Our tour starts with Notre-Dame d’Amiens Cathedral, a must-see. If you’re ever in the Hauts de France region, you must visit Amiens and its nationally renowned cathedral. Continuing with the region’s major cities, we stop in Lille. It is the capital of the Hauts-de-France region. Here’s a personal recommendation: get lost in old Lille. It’s a neighborhood full of history, narrow streets and small shops. A very pleasant walk to discover the city. And on the way, stop off at La Grande Place or the Hospice Comtesse.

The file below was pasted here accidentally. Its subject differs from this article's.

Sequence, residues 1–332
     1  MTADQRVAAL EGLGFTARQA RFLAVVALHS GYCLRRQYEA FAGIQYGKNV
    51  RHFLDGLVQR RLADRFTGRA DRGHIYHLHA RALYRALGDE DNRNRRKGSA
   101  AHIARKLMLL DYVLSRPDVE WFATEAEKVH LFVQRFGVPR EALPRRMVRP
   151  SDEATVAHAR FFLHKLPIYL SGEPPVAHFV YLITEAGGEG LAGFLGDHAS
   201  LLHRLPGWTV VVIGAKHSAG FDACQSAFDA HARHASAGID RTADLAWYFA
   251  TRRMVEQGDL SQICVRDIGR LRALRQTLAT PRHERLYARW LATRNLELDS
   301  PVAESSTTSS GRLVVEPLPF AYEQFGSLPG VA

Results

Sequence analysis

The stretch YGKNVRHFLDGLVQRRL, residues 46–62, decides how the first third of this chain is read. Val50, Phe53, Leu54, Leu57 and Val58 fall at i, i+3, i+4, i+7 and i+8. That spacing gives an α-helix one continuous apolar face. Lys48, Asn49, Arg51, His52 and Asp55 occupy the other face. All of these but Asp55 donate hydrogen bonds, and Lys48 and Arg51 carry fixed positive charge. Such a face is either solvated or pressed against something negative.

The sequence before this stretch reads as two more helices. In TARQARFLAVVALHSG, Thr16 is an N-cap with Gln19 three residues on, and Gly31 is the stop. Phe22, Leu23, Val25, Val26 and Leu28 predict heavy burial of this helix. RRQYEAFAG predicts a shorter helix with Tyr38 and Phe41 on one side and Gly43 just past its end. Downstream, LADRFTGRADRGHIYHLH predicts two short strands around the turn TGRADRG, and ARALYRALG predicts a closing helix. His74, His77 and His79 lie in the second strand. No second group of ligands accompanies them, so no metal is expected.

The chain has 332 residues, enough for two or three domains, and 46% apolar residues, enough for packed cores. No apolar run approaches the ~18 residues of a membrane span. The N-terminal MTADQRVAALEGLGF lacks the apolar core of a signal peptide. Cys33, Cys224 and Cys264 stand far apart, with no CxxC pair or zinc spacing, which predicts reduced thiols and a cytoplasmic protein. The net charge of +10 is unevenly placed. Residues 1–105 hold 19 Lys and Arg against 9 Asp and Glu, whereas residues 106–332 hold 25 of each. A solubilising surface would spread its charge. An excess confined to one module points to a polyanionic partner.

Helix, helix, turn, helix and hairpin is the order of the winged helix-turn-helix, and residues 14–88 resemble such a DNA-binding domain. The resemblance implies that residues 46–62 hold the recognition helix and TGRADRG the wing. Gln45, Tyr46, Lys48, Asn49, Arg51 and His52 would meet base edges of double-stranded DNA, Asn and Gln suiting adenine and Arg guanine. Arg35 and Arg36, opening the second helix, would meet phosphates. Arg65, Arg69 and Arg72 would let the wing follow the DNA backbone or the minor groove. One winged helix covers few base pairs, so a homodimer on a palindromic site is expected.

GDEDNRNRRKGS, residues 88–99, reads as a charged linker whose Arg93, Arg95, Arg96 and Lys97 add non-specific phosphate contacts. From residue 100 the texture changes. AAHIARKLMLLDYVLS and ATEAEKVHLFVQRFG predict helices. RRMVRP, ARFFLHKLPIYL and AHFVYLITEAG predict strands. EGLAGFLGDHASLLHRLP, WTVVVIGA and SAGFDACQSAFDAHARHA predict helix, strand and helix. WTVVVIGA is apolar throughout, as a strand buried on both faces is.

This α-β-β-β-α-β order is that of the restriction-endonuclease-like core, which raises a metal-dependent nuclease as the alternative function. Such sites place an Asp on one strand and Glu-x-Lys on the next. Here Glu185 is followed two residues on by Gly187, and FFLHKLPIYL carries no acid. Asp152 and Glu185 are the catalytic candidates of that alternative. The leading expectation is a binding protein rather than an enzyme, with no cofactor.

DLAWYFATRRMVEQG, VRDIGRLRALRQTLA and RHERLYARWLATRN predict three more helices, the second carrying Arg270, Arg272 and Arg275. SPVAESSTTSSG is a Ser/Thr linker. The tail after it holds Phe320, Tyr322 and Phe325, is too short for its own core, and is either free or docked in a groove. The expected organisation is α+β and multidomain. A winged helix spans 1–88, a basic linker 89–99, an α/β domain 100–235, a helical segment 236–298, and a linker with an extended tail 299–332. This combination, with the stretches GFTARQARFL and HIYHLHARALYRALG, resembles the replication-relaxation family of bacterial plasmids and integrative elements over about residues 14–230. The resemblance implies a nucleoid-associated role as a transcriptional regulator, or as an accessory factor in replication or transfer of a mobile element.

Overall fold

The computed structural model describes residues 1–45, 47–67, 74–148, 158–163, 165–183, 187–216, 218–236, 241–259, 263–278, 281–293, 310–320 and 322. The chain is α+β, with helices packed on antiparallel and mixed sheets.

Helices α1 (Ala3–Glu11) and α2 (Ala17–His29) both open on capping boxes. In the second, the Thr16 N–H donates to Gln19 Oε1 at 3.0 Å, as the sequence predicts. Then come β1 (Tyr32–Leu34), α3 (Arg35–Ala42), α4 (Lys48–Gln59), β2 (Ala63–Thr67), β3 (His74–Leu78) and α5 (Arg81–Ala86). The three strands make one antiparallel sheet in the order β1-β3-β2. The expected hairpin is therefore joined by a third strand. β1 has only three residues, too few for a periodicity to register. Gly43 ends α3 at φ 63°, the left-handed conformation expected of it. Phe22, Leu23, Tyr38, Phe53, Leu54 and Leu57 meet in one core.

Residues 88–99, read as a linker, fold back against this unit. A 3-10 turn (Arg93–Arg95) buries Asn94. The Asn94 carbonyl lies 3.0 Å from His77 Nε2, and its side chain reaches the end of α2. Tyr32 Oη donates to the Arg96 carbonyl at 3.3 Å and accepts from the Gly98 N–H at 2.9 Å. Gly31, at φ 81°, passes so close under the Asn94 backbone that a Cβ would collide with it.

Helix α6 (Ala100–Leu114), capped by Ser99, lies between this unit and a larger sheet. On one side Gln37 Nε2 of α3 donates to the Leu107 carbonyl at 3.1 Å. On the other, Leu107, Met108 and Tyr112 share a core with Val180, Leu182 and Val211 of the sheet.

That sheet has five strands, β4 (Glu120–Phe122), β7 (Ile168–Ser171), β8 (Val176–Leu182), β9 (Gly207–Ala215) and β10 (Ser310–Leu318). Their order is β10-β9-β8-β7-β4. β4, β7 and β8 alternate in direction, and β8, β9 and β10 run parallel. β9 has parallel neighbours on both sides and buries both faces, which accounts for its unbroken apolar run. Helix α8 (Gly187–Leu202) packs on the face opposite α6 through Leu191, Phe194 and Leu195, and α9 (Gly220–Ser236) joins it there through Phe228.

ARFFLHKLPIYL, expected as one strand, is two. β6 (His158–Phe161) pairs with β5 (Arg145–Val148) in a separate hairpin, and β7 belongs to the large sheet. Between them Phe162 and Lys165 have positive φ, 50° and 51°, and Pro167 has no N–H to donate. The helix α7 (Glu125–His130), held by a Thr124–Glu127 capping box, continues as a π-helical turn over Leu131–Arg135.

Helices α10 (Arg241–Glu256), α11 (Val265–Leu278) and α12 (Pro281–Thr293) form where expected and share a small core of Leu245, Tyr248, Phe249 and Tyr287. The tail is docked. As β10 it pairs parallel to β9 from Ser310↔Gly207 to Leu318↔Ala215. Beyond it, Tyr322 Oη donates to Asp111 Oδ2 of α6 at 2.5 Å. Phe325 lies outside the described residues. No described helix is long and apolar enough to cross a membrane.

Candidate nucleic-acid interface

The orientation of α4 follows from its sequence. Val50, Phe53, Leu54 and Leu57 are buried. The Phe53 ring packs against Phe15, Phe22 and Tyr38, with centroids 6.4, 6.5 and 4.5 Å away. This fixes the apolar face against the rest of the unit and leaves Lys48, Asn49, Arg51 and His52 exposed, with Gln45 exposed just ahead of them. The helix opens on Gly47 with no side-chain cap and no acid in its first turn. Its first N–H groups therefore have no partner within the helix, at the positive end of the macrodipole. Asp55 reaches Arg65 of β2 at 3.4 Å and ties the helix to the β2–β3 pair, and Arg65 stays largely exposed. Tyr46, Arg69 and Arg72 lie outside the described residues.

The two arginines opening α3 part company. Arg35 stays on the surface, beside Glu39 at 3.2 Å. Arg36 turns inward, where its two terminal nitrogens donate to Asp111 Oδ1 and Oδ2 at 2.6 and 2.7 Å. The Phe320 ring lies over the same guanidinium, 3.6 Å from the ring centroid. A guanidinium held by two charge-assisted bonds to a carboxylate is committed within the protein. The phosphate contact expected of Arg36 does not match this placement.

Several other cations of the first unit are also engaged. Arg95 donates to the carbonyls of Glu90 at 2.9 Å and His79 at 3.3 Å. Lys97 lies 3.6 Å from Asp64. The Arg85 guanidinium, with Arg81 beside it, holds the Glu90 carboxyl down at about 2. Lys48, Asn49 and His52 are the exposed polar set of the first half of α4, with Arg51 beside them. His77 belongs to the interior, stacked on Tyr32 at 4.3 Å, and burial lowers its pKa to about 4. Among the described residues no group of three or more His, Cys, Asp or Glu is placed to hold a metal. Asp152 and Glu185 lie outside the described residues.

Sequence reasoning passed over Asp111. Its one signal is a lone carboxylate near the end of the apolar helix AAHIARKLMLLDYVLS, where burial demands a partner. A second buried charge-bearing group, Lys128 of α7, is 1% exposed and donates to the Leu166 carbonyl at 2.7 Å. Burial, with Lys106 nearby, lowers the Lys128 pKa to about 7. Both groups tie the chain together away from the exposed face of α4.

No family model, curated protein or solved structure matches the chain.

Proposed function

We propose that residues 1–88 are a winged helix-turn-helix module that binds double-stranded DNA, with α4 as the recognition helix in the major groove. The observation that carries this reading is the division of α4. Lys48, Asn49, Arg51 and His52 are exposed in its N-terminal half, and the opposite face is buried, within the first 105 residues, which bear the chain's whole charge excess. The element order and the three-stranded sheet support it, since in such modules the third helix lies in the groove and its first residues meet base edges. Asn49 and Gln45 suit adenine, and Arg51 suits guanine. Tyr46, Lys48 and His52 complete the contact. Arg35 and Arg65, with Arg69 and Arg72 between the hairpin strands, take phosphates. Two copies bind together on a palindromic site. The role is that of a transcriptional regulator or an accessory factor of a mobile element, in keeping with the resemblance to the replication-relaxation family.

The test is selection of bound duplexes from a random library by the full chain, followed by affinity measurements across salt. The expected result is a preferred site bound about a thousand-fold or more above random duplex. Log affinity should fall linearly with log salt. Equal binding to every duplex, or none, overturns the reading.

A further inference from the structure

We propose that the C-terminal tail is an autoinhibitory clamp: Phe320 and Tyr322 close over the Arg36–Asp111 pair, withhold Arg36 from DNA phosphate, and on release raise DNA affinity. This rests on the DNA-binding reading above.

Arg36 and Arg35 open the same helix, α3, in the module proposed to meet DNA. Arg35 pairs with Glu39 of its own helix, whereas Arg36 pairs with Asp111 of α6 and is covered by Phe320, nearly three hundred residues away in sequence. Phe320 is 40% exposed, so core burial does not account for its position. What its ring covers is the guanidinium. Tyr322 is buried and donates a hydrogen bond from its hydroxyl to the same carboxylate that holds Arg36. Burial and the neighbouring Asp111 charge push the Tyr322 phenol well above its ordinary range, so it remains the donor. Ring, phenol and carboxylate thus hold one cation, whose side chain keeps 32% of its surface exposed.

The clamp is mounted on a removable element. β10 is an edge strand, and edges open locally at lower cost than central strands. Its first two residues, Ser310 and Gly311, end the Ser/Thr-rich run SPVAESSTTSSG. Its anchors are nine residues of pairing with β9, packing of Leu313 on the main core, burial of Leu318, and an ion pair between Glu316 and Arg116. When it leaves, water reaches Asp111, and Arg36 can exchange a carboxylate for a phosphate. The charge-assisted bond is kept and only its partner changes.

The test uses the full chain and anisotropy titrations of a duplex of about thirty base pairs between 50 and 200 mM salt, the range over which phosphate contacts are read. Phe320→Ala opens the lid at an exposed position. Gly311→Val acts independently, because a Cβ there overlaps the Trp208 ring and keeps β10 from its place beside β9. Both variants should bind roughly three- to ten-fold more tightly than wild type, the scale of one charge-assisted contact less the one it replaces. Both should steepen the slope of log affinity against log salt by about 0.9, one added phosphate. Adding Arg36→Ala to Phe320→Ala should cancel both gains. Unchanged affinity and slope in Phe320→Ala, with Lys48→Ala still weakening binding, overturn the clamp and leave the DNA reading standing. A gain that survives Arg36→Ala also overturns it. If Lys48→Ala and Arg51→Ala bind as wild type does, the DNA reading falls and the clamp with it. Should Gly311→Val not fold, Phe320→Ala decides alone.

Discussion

We then move on from towns to villages with two must-sees. First, the village of Gerberoy. It is considered one of France’s most beautiful villages. What makes it special? Hundreds of rosebushes! It’s original and atypical, which is why we love it! The second village we’re thinking of is a classic, a benchmark. Of course, we’re talking about Maroilles! Particularly famous for its cheese! You can visit a cheese factory or sample some typical dishes! And if you really love the smell, we won’t judge you 😉 you can even take one (or more) home with you!